Like poor Cecelia, “The Curious Profession of Dr Craven” is back from the dead.

I’ve released a sweet regency romance, Miss DeVere Miss_devere_1 This is a fun read.

Frankenkitty is available.
Frankenkitty What happens when teenagers get to play with Dr Frankenstien’s lab notebooks, a few odd chemicals and a great big whopping coil? Mayhem, and possibly an invitation to the Transylvanian Neuroscience Summer School.

Get Free Stuff and try out my landing page. There are three free complete short stories (including an ARC for Frankenkitty) available after you’ve gone through the hoops.

The Art of Deception 22

The Art of Deception

or Pride and Extreme Prejudice

12241791_735836876546522_6197947469406170479_n

Sorry, no trail maps with this one, I’m on the road to Snowdonia. Wonder if that would make a good song title? Welcome to Weekend Writing Warriors. This week continues a spy story set in late Georgian England, the year before Trafalgar.  Last week Lucy and Alice attended the Bristol Assembly. It was something of a graduation exercise with Alice posing as Lucy’s paid companion. This week they are being debriefed, to use a modern phrase, in their carriage on the way back to their rooms. Miss Aldershot asks the first line.


 

“So, how did you fare?”

Lucy, with pleasant thoughts of Mr Spode dancing in her head, looked out the carriage window; Alice replied, “He was there.”

“Who?”

“That spy. He was there with Lucy’s Mr Spode; called himself Roderick Stanton, which was clearly an alias; He used a different name when we collided in M. Fanchion’s, Roderick Smith.”

Miss Aldershot considered what Alice said, carefully; Alice was still in training, and while she bid well to become a talented operative, new agents often jumped at shadows, “Unlike Mrs Hudson, I can’t quite completely believe he’s a spy, Miss Mapleton … can you marshal your arguments? We should be certain before we act.”

Alice knew from Miss Aldershot’s use of ‘Miss Mapleton’ instead of ‘Alice’ that she was sceptical, “I think so … he spoke perfect French the first time we met.”

“Good, when we arrive at Dower house, you, Mrs Hudson and I will review them … it’s not a crime to speak French, even in Bristol.”

Please see the talented writers in Weekend Writing Warriors.


My apologies for creative punctuation.

Lest Lucy (and Alice by the way) seem to fall in love quickly, courting in the late Georgian and early Regency was a bit different from today. You really didn’t have much time with your heartthrob. So Miss Lucas’s comments on ‘Happiness in marriage is largely a matter of luck’ from Pride and Prejudice are accurate. Marriage itself was usually arranged by the parents, but not always. Given their real circumstances, both Lucy and Alice are somewhat vulnerable, either being an orphan (Lucy) or having a desperately poor mother (Alice).

Like poor Cecelia, “The Curious Profession of Dr Craven” is back from the dead.

I’ve released a sweet regency romance, Miss DeVere Miss_devere_1 This is a fun read.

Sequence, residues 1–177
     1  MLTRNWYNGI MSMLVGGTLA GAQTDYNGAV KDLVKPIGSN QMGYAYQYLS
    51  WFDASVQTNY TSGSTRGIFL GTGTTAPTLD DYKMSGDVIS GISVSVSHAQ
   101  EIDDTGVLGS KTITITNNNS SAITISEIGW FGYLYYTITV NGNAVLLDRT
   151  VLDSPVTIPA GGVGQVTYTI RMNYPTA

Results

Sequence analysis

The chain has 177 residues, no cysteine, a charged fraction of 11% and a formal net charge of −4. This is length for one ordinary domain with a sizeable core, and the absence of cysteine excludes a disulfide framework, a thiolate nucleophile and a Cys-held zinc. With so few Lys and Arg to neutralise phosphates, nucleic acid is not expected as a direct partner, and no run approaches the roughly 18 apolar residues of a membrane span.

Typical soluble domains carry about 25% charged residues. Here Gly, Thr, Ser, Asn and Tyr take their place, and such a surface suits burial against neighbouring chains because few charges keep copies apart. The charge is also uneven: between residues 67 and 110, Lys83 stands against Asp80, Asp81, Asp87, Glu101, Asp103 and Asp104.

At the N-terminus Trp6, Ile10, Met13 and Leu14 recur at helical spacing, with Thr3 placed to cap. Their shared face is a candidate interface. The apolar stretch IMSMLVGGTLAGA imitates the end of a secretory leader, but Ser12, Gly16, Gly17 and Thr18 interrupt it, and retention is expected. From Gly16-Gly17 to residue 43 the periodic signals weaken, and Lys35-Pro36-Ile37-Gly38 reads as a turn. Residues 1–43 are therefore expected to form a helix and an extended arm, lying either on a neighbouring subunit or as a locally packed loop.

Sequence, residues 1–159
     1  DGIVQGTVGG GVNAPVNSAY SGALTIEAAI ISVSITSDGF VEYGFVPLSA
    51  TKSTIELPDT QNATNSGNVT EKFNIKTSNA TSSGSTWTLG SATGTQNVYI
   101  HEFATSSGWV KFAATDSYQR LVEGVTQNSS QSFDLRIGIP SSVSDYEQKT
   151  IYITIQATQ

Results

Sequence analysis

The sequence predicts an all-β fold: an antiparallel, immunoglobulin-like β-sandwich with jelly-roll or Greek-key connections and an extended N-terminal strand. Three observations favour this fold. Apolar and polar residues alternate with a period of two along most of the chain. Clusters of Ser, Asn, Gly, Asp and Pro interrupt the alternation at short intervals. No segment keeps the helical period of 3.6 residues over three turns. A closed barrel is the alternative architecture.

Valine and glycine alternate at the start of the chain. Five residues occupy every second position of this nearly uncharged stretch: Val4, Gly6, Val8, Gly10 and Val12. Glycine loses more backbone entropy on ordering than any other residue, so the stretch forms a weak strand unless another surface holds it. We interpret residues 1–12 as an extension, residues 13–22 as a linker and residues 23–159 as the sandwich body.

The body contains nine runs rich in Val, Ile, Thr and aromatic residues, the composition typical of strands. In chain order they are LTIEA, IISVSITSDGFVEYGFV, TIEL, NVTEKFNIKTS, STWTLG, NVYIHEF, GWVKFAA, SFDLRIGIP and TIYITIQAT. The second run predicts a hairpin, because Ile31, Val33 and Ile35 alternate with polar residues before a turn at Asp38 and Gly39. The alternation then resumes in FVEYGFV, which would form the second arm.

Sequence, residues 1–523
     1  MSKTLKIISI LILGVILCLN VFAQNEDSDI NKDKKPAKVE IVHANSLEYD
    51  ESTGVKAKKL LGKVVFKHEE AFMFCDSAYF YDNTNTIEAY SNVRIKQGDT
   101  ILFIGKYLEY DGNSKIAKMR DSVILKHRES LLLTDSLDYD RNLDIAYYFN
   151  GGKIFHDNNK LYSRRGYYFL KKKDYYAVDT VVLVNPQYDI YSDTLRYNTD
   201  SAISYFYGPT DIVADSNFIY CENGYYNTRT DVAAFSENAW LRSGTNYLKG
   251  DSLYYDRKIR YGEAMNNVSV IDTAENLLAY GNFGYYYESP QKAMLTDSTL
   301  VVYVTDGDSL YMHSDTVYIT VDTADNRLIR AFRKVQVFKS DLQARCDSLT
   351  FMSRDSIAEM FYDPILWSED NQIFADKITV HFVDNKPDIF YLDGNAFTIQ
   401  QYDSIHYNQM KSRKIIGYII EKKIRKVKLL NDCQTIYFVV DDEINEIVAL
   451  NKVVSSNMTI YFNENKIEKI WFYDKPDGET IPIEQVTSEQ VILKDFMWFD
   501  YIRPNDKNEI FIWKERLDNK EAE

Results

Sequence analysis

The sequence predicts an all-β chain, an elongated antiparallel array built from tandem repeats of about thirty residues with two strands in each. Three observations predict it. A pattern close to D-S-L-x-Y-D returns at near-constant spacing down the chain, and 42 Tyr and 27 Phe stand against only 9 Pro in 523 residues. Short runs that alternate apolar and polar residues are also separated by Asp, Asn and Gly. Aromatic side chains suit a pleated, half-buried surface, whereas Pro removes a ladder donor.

Frankenkitty is available.
Frankenkitty What happens when teenagers get to play with Dr Frankenstien’s lab notebooks, a few odd chemicals and a great big whopping coil? Mayhem, and possibly an invitation to the Transylvanian Neuroscience Summer School.

Get Free Stuff and try out my landing page. There are three free complete short stories (including an ARC for Frankenkitty) available after you’ve gone through the hoops.

The Art of Deception 21

The Art of Deception

or Pride and Extreme Prejudice

12241791_735836876546522_6197947469406170479_n

Welcome to Weekend Writing Warriors. This week continues a spy story set in late Georgian England, the year before Trafalgar.  Last week, Roderick quite literally ran into Alice outside of a modiste’s. This week, as something of a graduation exercise, she and another student (Lucy or Miss Haytor) are attending the Bristol assembly. Not quite a tonnish as Bath, but reasonably enjoyable – as long as one of the ‘bucks’ didn’t kick you while showing off their extravagant dance moves. Roderick’s friend Edward has taken Lucy onto the floor and Roderick has spied Alice standing with the chaperones. She is playing Lucy’s companion, and is in Roderick’s eye’s the prettiest thing in the room. He’s used one of his minor titles as a name.


“Well, would you care to dance? I might be taking my life into my hands, amongst these wild bucks, but it could be enjoyable; if we survive.”

Alice paused, Could I risk it, dancing with this French Agent? She had recognized ‘Mr Stanton’ just as much as he appeared to remember her, even if he did believe her tale;  wonder which is his real name, if either?

“Or is it too much excitement for you?”

“No, it’s –it’s just that I am a paid companion, and-“

“And nothing; you’re no worse than half the cits and tradesmen here; better bred than most of the company by far. It’s not as if I’m asking you onto the floor at the Assembly Rooms in Bath where the society is nicer.”

Alice curtsied, “I’d be very pleased to dance with you, Mr Stanton; as long as my mistress, Miss Haytor, doesn’t object.”

“Since she and Edward are lining up for the next set, I think she won’t … at least as long as you don’t stop her from dancing.”

 

 

Please see the talented writers in Weekend Writing Warriors.


My apologies for creative punctuation.

Unlike the relatively exclusive Bath Assembly and the very exclusive parties of the ton, or the even more exclusive floor of the ‘marriage mart’ Almack’s, the Bristol Assembly would have a wide range of social classes. Cits, tradesmen, and merchants would mix with a smattering of the minor nobility to produce a party that could be, at best, a very tedious affair. At worst, it would be a very tedious and highly vulgar affair. Much like visiting the Vauxhall pleasure gardens in London, although with fewer pickpockets and prostitutes.